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11 Reasons Illinois Is Better Than Your State

Come on, you know it's true.

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1. Rebellious drugstore owners in Evanston defied ice cream soda bans by inventing the delicious ice cream sundae.

Evanston used to be very religious, and leaders of the town banned selling ice cream sodas on Sundays due to the "immorality" of soda fountains. In response, snarky drugstore operators served ice cream with the syrup but sans soda, which they called "Sundays." These same smart alecks then changed the name to "sundae" when the religious objected.
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Evanston used to be very religious, and leaders of the town banned selling ice cream sodas on Sundays due to the "immorality" of soda fountains. In response, snarky drugstore operators served ice cream with the syrup but sans soda, which they called "Sundays." These same smart alecks then changed the name to "sundae" when the religious objected.

2. Illinois is where wanderlust grew from a dream into an actual possibility.

Commercial air travel was first made possible in Illinois. Jane Eads, a reporter from the Chicago Herald, was the first-ever commercial passenger. She flew from Maywood to Iowa City on July 1, 1927, on a Boeing biplane and freaked out the whole time.
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Commercial air travel was first made possible in Illinois. Jane Eads, a reporter from the Chicago Herald, was the first-ever commercial passenger. She flew from Maywood to Iowa City on July 1, 1927, on a Boeing biplane and freaked out the whole time.

3. Arcades were basically born in Chicago in the 1930s.

What's the most important staple of every arcade? Pinball, which is based on the French billiard game of bagatelle. But the modern, coin-operated pinball machines with the flashing lights and dinging bells were created in Chicago during the Great Depression to pick up spirits of the unemployed.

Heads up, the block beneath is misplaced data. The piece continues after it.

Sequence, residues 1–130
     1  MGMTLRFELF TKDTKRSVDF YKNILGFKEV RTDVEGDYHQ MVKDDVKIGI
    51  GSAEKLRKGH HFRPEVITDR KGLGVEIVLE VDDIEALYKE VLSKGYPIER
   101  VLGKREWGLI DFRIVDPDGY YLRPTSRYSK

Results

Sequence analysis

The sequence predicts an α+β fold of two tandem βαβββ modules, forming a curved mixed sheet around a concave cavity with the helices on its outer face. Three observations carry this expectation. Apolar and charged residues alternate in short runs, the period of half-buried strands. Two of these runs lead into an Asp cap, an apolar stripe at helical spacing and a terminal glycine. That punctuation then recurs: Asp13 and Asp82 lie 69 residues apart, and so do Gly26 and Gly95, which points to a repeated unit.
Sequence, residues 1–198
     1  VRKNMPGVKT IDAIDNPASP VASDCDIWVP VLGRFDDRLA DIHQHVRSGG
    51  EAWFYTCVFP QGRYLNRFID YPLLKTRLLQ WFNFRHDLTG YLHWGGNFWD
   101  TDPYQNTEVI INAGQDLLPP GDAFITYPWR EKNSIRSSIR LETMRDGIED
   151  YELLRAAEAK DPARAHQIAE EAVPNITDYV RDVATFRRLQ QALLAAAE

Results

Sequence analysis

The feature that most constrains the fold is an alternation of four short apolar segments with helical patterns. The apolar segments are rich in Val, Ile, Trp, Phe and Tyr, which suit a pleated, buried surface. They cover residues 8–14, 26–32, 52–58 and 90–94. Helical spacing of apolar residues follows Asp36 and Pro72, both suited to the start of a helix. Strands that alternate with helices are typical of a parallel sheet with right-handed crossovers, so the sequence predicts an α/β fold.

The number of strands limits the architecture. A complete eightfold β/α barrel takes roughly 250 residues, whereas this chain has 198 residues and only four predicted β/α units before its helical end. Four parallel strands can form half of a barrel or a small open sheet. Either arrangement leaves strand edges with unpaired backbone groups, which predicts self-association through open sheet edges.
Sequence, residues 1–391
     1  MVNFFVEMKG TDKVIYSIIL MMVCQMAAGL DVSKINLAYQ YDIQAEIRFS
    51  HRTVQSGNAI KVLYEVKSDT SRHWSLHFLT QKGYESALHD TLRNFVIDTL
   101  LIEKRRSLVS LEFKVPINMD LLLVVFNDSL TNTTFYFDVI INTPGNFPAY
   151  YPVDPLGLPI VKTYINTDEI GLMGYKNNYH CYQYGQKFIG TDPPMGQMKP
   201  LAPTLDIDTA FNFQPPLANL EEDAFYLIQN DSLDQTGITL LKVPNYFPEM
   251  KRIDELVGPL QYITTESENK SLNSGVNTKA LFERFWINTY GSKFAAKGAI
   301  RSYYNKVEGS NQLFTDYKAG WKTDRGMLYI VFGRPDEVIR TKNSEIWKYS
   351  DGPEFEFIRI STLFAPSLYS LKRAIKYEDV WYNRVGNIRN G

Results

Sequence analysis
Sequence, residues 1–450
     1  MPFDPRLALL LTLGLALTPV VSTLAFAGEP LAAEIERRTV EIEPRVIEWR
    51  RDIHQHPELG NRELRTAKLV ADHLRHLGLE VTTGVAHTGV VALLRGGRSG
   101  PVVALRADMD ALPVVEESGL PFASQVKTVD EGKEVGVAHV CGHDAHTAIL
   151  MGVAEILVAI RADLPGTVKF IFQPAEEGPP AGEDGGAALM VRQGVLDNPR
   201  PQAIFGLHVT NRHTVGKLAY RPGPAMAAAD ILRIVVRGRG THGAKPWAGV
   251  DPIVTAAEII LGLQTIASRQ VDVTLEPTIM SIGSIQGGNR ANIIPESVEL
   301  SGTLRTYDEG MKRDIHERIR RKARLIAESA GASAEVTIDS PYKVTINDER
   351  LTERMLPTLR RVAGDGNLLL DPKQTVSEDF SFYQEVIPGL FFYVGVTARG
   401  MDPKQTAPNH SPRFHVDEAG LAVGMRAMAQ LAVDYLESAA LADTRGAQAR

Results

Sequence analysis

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What's the most important staple of every arcade? Pinball, which is based on the French billiard game of bagatelle. But the modern, coin-operated pinball machines with the flashing lights and dinging bells were created in Chicago during the Great Depression to pick up spirits of the unemployed.

4. Chicago had the very first all-color TV station ever.

On April 15, 1956, Chicago added a little color to cable when WNBQ became the first all-color television station. Most stations around the U.S. were still showing mostly black-and-white programming.
Steven Taylor / Getty Images

On April 15, 1956, Chicago added a little color to cable when WNBQ became the first all-color television station. Most stations around the U.S. were still showing mostly black-and-white programming.

5. Aurora was the first city in the U.S. to light their nights up with electricity.

In 1881, Aurora became the first city in America to use fully electric street lighting, earning the city the nickname of the City of Lights.
Steven Case / EyeEm / Via Getty Images

In 1881, Aurora became the first city in America to use fully electric street lighting, earning the city the nickname of the City of Lights.

6. The largest (and probably most fragrant) bakery in the world is the Nabisco factory in Chicago.